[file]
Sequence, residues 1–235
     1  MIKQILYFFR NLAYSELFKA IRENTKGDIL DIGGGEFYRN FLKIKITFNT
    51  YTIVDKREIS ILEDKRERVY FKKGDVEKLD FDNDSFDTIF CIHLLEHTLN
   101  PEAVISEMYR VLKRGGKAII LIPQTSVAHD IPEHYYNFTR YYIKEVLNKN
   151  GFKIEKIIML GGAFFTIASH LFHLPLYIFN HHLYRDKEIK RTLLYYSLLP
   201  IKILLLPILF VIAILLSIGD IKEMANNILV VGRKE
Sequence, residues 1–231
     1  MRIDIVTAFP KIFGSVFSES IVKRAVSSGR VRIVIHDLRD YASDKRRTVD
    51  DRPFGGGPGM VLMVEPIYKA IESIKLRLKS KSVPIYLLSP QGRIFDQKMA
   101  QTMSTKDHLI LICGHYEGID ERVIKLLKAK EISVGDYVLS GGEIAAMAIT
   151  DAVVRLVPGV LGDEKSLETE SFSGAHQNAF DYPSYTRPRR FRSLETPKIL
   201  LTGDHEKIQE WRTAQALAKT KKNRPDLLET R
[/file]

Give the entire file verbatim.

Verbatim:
Sequence, residues 1–235
     1  MIKQILYFFR NLAYSELFKA IRENTKGDIL DIGGGEFYRN FLKIKITFNT
    51  YTIVDKREIS ILEDKRERVY FKKGDVEKLD FDNDSFDTIF CIHLLEHTLN
   101  PEAVISEMYR VLKRGGKAII LIPQTSVAHD IPEHYYNFTR YYIKEVLNKN
   151  GFKIEKIIML GGAFFTIASH LFHLPLYIFN HHLYRDKEIK RTLLYYSLLP
   201  IKILLLPILF VIAILLSIGD IKEMANNILV VGRKE
Sequence, residues 1–231
     1  MRIDIVTAFP KIFGSVFSES IVKRAVSSGR VRIVIHDLRD YASDKRRTVD
    51  DRPFGGGPGM VLMVEPIYKA IESIKLRLKS KSVPIYLLSP QGRIFDQKMA
   101  QTMSTKDHLI LICGHYEGID ERVIKLLKAK EISVGDYVLS GGEIAAMAIT
   151  DAVVRLVPGV LGDEKSLETE SFSGAHQNAF DYPSYTRPRR FRSLETPKIL
   201  LTGDHEKIQE WRTAQALAKT KKNRPDLLET R